Concertina plant (Crassula rupestris)

Crassula rupestris in flower
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Concertina plant fact file

Concertina plant description

GenusCrassula (1)

The concertina plant is a spreading shrub that, during certain months of the year, becomes ablaze with colour due to the dense heads of pink flowers that form at the ends of the branches (5). The leaves of the concertina plant are lance-shaped to rounded, and are arranged opposite each other along the many branches (6). Most of the year the leaves are greyish in colour (6), but during the summer months the leaf margins turn a brilliant red or yellow (7).

Height: up to 50 cm (2)

Concertina plant biology

The concertina plant flowers from June until October (2). The pretty flowers attract bees, bumble bees, and sometimes even moths, which pollinate the plant. Tiny seeds develop following pollination, and their light weight allows them to be carried away from the parent plant by the wind. The dust-like seeds are blown into rock crevices or under bushes where, once sufficient moisture is available, germination will occur. Like many plants, while thousands of seeds may germinate, only a small percentage of this will survive to be mature, adult plants. Concertina plants may live for over 60 years (7).


Concertina plant range

Occurs in southern Namibia and in the Northern Cape, Western Cape and Eastern Cape provinces of South Africa (2) (6). The subspecies C. r. commutata is restricted to a small area on both sides of the lower Orange River, while C. r. marnieriana has been recorded from the southern slopes of the Swartberg and Anysberg Mountains in the Western Cape province (5).


Concertina plant habitat

The concertina plant grows on dry, stony slopes (2). The subspecies C. r. marnieriana has very specific habitat requirements and grows only on Witteberg quartzite, usually on cliffs (5).


Concertina plant status

Subspecies Crassula rupestris commutata is classified as Vulnerable (VU) in Namibia on the Southern African Plant Red Data Lists (3). Subspecies C. r. commutata and Crassula rupestris marnierana are both classified as Least Concern (LC) globally, but Rare in South Africa, on the Interim Red Data List of South African Plant Taxa (4).


Concertina plant threats

The concertina plant species is not yet believed to be threatened. However, the subspecies C. r. commutata is threatened in Namibia by mining, which presumably degrades its habitat, and collection (3). Within South Africa, the subspecies C. r. commutata and C. r. marnierana are not yet threatened, but their limited distribution range in South Africa places them at risk of an unexpected event causing a critical decline, and thus they are classified as Rare on the Interim Red Data List of South African Plant Taxa (4).


Concertina plant conservation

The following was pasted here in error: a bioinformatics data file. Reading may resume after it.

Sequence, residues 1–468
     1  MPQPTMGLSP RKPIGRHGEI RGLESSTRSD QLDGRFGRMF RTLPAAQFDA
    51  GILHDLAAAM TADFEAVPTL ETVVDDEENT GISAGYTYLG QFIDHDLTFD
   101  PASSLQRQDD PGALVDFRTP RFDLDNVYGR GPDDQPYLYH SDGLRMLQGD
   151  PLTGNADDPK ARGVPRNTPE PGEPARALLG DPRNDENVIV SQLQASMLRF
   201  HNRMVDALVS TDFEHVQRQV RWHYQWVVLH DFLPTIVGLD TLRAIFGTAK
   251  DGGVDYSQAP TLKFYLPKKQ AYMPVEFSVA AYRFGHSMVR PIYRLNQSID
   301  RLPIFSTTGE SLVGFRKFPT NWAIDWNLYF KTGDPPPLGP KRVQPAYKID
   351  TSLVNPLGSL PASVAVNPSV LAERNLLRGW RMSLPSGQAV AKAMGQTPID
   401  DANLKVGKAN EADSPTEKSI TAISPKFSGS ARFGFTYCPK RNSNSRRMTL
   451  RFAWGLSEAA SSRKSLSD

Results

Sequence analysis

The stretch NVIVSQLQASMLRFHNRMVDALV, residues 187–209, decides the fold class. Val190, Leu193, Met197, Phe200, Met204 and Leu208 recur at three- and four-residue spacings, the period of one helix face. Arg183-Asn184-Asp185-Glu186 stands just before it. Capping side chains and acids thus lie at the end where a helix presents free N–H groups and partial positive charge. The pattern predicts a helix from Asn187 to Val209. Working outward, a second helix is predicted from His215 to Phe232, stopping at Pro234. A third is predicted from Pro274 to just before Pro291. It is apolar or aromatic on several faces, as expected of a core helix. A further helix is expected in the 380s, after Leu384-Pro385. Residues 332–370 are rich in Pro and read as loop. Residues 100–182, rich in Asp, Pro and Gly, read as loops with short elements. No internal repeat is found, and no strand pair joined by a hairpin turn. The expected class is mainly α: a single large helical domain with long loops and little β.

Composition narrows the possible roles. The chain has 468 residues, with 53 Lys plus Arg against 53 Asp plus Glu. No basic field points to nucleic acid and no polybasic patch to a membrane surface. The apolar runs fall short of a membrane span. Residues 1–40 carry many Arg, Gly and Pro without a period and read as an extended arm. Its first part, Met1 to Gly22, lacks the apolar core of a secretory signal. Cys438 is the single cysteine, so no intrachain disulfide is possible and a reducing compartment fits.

The concertina plant occurs within the Cape Floral Kingdom, a ‘hot-spot’ of plant diversity in South Africa in which there are a number of protected areas (8). There are no known conservation measures in place for the threatened subspecies C. r. commutata within Namibia.


Find out more

For further information on the Cape Floral Kingdom and its conservation see:



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Cape Floral Kingdom
An area occupying about 90,000 square kilometres in South Africa that contains an incredibly high diversity of plant species (around 8,700 species), of which 68 percent are found no where else.
The beginning of growth, usually following a period of dormancy and in response to favourable conditions. For example, the sprouting of a seedling from a seed.
To transfer pollen grains from the anther (male part of a flower) to the stigma (female part of a flower) of a flowering plant. This usually leads to fertilisation, the development of seeds and, eventually, a new plant.
A population usually restricted to a geographical area that differs from other populations of the same species, but not to the extent of being classified as a separate species.
Witteberg quartzite
A type of hard, white-grey rock formed from sandstone rich in the mineral quartz.


  1. Heywood, V.H. (1978) Flowering Plants of the World. Oxford University Press, Oxford.
  2. Goldblatt, P. and Manning, J. (2000) Cape Plants: A Conspectus of the Cape Flora of South Africa. National Botanical Institute of South Africa, Pretoria .
  3. Golding, J.S. (2002) Southern African Plant Red Data Lists. Southern African Botanical Diversity Network Report No. 14. SABONET, Pretoria.
  4. Threatened Species Programme. (2007) Interim Red Data List of South African Plant Taxa. South African National Biodiversity Institute, Pretoria, South Africa. Available at:
  5. Court, D. (2000) Succulent Flora of Southern Africa. A.A. Balkema, Rotterdam, Netherlands.
  6. Paterson-Jones, C. and Manning, J. (2007) Ecoguide Fynbos. Briza Publications, Pretoria, South Africa.
  7. PlantZAfrica (February, 2008)
  8. UNEP-WCMC: Cape Floral Protected Areas of South Africa (February, 2008)

Image credit

Crassula rupestris in flower  
Crassula rupestris in flower

© Gerhard Dreyer / Images of Africa

Images of Africa
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